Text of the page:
Lama Shenpen Hookham’s stories are certainly amusing, but they are also very insightful. She exposes the many challenges she faced when trying to grasp teachings that were born from a completely different culture to the one in which she was raised, and she is very open about her own shortcomings during the process. Perhaps what is most gratifying is the fact that she invites the reader to explore intricate Buddhist teachings alongside her. For example:
Then one day out of the blue [Kalu Rinpoche] asked us whether, when we were sitting listening to his chanting and our mind wandered off home to the West, our mind was now in the West or the West was now here? This question grabbed me immediately. I considered it from time to time throughout the day as I listened to him chanting. Does the mind go anywhere? Does anything come from somewhere else into the mind? Does the mind stay in one place? If it does, where is that? If the mind is always in one place, how does it seem to go to other places? (30)
Because Lama Shenpen Hookham has interacted with and learned from so many renowned Tibetan teachers—many of whom have since died—and due to the central role she played when it comes to translating Tibetan concepts into English, it is undeniable that she has made a significant contribution to the way we understand Tibetan Buddhism in the West. Now that she spends most of her time in semi-retreat at The Awakened Heart, I asked her if she misses the excitement of her former life as a pilgrim:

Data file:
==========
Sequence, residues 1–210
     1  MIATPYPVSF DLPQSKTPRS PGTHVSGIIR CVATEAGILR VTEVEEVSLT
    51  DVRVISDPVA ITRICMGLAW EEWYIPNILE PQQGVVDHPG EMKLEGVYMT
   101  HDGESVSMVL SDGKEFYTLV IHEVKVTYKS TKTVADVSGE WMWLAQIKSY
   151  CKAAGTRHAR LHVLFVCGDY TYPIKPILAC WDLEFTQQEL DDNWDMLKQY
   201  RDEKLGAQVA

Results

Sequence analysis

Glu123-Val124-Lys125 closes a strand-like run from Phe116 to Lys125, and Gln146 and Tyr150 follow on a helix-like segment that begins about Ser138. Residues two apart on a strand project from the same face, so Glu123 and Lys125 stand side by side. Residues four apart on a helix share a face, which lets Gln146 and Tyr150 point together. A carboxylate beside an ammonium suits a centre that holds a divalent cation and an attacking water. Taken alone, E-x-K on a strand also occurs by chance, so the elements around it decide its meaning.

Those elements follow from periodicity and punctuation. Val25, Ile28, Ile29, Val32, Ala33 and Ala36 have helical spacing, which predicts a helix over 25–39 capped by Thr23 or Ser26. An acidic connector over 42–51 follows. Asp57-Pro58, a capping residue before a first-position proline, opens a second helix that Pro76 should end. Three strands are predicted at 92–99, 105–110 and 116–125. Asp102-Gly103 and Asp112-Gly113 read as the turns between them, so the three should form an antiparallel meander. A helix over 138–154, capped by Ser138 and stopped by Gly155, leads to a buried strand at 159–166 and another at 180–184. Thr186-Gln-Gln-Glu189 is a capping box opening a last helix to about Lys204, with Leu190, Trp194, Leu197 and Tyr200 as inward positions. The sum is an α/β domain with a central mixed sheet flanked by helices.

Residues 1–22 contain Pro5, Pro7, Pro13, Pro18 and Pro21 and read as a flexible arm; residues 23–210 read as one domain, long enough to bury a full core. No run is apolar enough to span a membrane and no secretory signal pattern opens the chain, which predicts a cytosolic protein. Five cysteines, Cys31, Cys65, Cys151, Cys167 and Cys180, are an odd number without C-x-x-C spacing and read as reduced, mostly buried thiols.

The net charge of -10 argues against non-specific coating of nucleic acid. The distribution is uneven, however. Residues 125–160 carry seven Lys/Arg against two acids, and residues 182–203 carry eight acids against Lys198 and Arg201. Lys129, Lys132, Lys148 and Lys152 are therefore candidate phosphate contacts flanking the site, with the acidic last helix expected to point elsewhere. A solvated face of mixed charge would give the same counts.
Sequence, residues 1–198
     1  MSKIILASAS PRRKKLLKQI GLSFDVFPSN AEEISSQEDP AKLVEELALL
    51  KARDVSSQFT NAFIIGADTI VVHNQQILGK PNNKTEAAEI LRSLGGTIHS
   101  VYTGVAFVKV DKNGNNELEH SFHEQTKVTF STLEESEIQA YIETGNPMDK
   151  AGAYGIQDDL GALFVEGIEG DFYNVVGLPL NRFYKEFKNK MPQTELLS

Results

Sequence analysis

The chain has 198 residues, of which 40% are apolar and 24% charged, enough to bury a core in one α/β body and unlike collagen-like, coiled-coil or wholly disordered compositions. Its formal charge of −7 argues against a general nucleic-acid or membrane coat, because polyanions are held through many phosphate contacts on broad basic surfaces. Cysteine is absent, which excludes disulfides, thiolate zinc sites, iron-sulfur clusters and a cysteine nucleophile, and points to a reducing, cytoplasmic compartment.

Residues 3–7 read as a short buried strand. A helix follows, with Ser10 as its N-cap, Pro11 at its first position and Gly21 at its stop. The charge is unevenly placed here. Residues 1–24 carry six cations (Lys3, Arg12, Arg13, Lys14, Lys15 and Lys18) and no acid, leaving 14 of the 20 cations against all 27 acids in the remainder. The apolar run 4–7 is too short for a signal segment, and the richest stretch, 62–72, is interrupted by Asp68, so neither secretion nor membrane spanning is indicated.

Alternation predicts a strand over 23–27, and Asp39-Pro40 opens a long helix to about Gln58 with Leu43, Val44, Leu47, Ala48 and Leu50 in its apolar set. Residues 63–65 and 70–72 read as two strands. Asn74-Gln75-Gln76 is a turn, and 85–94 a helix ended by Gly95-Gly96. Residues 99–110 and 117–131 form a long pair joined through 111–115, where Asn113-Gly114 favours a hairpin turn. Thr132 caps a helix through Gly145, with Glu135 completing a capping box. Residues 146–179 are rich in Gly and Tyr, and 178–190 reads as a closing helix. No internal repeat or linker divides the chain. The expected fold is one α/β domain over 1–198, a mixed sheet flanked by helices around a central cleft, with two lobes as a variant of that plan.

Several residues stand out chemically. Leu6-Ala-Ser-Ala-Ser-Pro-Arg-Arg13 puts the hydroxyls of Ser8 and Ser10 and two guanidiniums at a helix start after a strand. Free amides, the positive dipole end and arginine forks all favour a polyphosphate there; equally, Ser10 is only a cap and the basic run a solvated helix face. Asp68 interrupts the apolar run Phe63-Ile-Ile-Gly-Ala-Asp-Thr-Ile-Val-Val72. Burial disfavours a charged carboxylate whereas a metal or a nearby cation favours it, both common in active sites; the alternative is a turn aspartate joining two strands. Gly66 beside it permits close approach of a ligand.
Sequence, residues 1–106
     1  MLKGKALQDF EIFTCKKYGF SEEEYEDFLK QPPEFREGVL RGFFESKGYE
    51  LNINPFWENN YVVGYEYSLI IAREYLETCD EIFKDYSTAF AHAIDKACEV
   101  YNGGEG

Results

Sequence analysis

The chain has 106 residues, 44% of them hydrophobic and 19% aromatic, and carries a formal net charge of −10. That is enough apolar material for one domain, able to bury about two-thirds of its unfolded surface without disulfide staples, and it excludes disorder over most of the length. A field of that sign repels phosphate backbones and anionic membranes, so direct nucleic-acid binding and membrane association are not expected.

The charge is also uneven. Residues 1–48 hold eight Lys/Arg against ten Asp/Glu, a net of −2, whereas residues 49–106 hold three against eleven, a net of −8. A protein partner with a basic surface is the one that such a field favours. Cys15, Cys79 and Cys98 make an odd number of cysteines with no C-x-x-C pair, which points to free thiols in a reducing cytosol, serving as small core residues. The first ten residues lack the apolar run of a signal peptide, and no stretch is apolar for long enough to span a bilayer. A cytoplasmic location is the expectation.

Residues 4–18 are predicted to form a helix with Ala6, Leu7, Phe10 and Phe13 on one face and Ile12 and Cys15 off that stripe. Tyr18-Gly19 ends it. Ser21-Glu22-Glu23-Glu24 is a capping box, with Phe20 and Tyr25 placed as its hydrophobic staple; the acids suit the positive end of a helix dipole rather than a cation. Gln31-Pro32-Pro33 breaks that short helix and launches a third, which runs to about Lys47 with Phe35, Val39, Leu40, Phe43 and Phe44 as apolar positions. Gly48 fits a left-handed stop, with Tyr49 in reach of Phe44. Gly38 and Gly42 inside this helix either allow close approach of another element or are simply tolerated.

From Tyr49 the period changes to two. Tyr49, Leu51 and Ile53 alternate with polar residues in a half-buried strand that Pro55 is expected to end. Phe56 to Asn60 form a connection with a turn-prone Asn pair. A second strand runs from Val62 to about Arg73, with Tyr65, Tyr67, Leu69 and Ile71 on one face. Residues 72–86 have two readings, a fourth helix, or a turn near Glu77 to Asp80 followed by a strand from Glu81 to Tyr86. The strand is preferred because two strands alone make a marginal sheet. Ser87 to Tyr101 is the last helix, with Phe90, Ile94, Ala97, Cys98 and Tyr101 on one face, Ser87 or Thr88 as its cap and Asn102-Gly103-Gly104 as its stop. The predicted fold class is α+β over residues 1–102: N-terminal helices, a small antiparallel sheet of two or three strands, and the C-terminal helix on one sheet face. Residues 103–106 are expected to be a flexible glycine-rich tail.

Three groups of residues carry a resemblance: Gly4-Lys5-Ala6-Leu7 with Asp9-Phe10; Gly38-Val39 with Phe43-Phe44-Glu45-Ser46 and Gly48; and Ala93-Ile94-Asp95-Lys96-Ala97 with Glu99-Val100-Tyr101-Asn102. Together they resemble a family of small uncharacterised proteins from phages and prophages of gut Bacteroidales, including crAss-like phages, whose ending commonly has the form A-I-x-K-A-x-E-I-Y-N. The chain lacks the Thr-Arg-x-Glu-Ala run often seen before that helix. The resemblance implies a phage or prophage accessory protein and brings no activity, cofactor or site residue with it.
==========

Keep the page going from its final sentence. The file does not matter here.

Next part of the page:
I didn’t choose it particularly and I don’t miss it particularly. What is important to me is that I am living in a way that is conducive to serving and realizing the Dharma.
Lama Shenpen Hookham’s next book, The Guru Principle: A Guide to the Teacher-Student Relationship in Buddhism will be released on 17 August by Shambala Publications.
Hookham, Lama Shenpen. 2020. Keeping the Dalai Lama Waiting & Other Stories: An English Woman’s Journey to Becoming a Buddhist Lama. Criccieth, Gwynedd, UK: Shrimala Publishing.